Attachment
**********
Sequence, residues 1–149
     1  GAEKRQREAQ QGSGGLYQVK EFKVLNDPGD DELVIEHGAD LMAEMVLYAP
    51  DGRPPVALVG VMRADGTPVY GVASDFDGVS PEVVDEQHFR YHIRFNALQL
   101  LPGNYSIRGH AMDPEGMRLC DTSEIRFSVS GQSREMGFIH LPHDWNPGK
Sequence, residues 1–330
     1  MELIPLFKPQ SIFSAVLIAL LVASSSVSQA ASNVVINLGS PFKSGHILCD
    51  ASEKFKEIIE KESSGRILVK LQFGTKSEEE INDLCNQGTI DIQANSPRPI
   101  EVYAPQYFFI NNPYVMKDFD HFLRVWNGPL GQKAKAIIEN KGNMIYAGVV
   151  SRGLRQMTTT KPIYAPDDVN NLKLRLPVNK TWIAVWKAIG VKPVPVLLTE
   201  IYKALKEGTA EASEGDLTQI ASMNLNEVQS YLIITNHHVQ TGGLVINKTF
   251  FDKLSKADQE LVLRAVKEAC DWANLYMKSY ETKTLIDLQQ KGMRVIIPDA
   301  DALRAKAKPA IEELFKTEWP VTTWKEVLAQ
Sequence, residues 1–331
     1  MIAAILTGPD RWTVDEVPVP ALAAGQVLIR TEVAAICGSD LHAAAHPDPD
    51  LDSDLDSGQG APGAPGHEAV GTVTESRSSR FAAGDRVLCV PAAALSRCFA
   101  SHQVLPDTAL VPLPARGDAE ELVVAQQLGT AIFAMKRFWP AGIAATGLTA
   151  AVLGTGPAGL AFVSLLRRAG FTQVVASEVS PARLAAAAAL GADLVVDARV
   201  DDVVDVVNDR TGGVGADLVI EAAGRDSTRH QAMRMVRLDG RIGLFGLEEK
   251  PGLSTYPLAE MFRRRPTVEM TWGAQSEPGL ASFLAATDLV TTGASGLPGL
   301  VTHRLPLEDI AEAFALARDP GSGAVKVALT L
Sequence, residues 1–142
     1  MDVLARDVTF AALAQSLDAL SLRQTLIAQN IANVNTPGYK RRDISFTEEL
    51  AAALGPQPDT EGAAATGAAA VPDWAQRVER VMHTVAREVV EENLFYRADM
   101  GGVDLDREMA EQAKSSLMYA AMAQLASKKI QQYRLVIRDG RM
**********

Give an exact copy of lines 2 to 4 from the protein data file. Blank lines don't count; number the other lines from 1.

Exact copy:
     1  GAEKRQREAQ QGSGGLYQVK EFKVLNDPGD DELVIEHGAD LMAEMVLYAP
    51  DGRPPVALVG VMRADGTPVY GVASDFDGVS PEVVDEQHFR YHIRFNALQL
   101  LPGNYSIRGH AMDPEGMRLC DTSEIRFSVS GQSREMGFIH LPHDWNPGK